Rabbiner Ozer Alport hat eine Kolumne in der Freitagsausgabe der charejdischen Zeitung HaModia. In dieser greift er sich kurze Abschnitte aus dem aktuellen Wochenabschnitt aus und beleuchtet diese eingehend. Das ist in der Zeitung recht knapp gehalten, aber lesenswert (vorausgesetzt man interessiert sich für den Wochenabschnitt und hat ein wenig Vorwissen). Es gibt aber noch eine ausführliche Fassung. Diese ist kostenlos und kommt wöchentlich per Mail. Das funktioniert nicht über eine ausgeklügelte Website, sondern einfach, indem man Rabbiner Alport eine Mail schickt und ihn darum bittet, das Parsha Potpourri auch zu erhalten. Er wünscht sich mehr Leser und hat nichts dagegen, wenn man seine Artikel ausdruckt und verteilt. Schreibt er jedenfalls in den wöchentlichen Mails. Wer also die Mail erhalten möchte, schreibt an oalport@optonline.net .

Ein Beispiel aus der Mail zur Paraschah Chukat: ??? ?? ??? ????? ????? ???? ??? ???? ????? 19:2

The Gemora in Kiddushin (31a) relates the tremendous dedication of a non-Jew named Dama ben Nesina to the mitzvah of honoring his parents. The Sages once came to him to purchase something for a tremendous amount of money, but the key needed to access it was underneath the pillow on which Dama’s father was sleeping. Although Dama would have made a tremendous profit if he woke his father to get the key, he chose to honor his father and refused to inconvenience him. The Gemora adds that many years later, Hashem rewarded Dama when a rare parah adumah (red heifer) was born in his herd. When the Sages heard about the cow, they came to his home to purchase it. Dama told them that he recognized the cow’s value to them and knew that they would agree to whatever price he demanded for it. Nevertheless, he asked them to pay only the money which he lost as a result of honoring his father. Why did Hashem specifically reward Dama with a parah adumah, and what lesson is the Gemora teaching us through this episode?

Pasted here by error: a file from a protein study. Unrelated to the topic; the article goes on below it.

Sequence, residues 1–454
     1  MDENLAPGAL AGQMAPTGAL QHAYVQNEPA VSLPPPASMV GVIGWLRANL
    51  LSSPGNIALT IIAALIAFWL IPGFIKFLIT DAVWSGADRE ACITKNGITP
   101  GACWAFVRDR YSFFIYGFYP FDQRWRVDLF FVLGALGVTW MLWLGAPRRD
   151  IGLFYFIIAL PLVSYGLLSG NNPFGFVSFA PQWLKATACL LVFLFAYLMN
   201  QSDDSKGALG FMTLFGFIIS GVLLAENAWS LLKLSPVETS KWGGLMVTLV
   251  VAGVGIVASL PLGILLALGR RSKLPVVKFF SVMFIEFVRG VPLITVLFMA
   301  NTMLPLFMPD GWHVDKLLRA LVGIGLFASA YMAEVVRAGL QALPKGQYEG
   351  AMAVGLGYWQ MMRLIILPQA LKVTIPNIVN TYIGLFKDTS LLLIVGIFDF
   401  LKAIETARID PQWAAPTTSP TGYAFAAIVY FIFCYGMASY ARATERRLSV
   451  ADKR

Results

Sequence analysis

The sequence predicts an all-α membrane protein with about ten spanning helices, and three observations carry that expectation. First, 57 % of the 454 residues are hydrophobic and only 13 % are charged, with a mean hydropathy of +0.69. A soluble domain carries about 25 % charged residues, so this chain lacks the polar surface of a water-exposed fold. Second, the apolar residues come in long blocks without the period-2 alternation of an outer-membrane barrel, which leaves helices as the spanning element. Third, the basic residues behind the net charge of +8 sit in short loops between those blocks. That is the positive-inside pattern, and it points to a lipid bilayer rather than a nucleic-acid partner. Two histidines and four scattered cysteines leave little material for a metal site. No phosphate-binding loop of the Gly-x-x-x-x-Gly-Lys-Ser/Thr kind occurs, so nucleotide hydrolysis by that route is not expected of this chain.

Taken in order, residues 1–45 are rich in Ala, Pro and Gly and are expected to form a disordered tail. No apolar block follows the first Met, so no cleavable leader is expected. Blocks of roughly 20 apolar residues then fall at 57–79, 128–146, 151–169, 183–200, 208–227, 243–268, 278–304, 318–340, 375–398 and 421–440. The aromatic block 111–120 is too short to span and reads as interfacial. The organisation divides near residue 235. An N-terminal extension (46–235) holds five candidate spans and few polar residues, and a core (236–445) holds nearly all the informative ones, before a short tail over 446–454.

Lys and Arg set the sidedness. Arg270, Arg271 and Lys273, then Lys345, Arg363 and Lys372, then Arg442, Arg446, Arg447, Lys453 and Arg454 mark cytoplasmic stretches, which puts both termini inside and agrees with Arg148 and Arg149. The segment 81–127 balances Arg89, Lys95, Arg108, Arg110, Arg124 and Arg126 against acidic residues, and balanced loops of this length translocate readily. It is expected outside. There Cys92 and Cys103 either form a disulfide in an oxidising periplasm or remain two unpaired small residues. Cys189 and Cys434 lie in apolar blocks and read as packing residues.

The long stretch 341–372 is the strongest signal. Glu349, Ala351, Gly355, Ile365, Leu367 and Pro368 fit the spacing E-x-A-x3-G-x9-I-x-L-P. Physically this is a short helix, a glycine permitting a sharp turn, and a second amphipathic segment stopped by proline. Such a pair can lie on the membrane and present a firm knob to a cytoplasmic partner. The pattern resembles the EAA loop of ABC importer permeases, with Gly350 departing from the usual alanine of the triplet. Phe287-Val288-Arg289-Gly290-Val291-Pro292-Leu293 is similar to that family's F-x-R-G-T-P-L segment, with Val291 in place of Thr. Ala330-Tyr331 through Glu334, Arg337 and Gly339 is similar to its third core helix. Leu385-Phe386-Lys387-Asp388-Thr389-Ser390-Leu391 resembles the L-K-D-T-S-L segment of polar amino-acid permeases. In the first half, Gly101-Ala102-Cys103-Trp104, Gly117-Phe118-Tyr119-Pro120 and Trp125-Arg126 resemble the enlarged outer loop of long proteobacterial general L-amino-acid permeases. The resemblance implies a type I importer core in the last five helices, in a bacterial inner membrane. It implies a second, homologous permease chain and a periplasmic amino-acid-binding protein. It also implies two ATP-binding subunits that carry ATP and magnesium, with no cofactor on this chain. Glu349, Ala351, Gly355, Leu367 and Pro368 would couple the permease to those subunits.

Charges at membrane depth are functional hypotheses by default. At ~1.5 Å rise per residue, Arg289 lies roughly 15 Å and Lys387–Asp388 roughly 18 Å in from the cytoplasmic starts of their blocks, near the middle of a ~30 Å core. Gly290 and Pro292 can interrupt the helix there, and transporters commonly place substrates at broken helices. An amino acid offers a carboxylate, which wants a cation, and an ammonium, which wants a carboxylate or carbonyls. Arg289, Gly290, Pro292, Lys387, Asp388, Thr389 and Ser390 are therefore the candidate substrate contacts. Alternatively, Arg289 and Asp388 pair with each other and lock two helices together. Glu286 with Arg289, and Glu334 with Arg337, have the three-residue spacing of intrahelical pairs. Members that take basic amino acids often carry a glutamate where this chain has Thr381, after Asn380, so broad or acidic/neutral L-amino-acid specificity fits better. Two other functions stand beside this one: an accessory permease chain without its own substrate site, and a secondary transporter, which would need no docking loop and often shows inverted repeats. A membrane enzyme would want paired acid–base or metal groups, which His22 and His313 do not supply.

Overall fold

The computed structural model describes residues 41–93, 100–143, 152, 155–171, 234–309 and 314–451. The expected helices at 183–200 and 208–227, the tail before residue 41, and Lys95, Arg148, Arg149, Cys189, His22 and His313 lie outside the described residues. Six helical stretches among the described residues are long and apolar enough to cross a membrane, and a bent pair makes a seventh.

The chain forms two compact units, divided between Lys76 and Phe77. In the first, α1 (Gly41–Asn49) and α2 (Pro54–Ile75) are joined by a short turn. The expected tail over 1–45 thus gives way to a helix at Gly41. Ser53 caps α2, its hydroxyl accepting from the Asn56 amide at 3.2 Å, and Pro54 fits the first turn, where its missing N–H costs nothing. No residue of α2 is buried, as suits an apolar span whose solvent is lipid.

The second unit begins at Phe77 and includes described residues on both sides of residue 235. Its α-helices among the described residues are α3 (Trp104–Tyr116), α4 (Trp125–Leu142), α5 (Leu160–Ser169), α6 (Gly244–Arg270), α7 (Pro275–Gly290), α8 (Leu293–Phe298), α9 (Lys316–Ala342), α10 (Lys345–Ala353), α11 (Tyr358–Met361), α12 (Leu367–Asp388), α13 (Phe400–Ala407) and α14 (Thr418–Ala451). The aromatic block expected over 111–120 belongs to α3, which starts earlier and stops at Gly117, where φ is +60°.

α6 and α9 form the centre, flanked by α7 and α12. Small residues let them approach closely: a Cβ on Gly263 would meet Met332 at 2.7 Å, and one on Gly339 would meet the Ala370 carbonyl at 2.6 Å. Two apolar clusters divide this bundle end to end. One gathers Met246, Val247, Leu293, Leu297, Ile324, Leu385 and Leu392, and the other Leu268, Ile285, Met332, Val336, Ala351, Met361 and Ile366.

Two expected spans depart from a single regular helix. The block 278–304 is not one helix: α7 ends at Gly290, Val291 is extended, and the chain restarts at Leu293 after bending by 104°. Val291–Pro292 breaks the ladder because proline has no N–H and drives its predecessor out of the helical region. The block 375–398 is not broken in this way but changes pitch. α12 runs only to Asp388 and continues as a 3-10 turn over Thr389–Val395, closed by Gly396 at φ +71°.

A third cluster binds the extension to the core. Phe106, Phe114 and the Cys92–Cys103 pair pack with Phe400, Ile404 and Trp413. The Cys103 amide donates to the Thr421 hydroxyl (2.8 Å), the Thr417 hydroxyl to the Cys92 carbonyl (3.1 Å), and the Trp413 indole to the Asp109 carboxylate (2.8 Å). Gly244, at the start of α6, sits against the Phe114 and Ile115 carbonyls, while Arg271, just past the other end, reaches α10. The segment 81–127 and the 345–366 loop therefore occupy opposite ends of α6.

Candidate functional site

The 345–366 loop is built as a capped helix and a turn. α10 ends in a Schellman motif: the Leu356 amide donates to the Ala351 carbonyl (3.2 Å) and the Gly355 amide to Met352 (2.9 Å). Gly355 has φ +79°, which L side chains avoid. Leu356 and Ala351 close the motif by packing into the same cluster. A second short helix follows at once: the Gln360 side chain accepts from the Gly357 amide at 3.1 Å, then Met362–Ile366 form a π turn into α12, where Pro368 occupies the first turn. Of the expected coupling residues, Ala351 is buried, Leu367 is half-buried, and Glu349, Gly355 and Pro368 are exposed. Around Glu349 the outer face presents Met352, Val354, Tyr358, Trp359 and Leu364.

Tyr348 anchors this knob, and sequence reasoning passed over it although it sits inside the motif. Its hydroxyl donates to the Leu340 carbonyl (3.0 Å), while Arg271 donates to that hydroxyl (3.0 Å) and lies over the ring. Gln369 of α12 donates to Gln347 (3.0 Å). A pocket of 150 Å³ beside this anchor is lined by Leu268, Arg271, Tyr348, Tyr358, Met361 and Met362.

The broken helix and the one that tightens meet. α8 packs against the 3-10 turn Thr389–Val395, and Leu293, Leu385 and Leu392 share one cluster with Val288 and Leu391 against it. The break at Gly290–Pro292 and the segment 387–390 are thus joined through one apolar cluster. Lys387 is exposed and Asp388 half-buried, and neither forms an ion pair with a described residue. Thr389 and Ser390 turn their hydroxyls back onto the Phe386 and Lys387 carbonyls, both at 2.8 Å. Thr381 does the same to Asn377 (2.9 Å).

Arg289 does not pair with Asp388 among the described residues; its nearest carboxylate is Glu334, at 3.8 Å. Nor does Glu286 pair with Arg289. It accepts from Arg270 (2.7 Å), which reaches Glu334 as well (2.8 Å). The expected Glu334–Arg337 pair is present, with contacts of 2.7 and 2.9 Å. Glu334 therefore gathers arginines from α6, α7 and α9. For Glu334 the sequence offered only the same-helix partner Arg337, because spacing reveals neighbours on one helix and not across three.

The Darkei Mussar suggests that the Gemora is using this incident to teach a fundamental difference between Jews and non-Jews in their approach to doing mitzvos. A Jew would never be willing to sell or trade the reward that he receives for his mitzvah performance, yet Dama had no compunctions about doing so. In fact, he was the one who insisted on it.

Perhaps it is for this reason that he was specifically rewarded with a parah adumah. If the prosecuting angel attempts to use Dama’s exemplary honor for his father to challenge the Jewish people’s dedication to this mitzvah, they can respond by pointing out that he had no reservations about selling his reward for the mitzvah. The Kotzker Rebbe goes one step further, pointing out that while Dama was willing to trade away the logical mitzvah that he performed, the Jewish Sages were willing to spend an exorbitant amount of money to fulfill a mitzvah whose understanding was completely beyond them. Rav Moshe Leib of Sassov offers an innovative explanation of an expression used in the Mussaf prayers on Rosh Hashana. He begins by noting an interesting difference between the proper attitude toward mitzvos and sins. It is preferable to remember sins constantly (Tehillim 51:5) so as to fully repent them and to be careful not to repeat them. Regarding mitzvos, however, it is advisable not to remember and dwell on one’s successes, which may cause a person to become haughty and complacent. Instead, it is better to leave them in the past and to always focus on future growth and accomplishments. At the end of the section of the Remembrances section of the Rosh Hashana Mussaf prayers, we say ?? ???? ?? ??????? ??? ??? ????? – You (Hashem) remember everything that is forgotten. In other words, Hashem remembers whatever we forget and “forgets” whatever we remember. If a person acts properly, remembering his sins and forgetting his mitzvos, Hashem will overlook his misdeeds and focus on recalling his accomplishments. If, however, the person forgets his sins and arrogantly dwells on his mitzvos, Hashem will meticulously remember each sin while overlooking all of his good deeds. In this vein, the Darkei Mussar writes that although Dama was blessed with the birth of a parah adumah in his herd, several years had passed and there was no reason to assume that this was his reward for honoring his father. The Gemora is teaching us that the non-Jewish approach is to dwell on the past and focus on the good deeds that he has already performed, whereas a Jew looks to the future and is never satisfied with what he has already accomplished. © 2011 by Ozer Alport.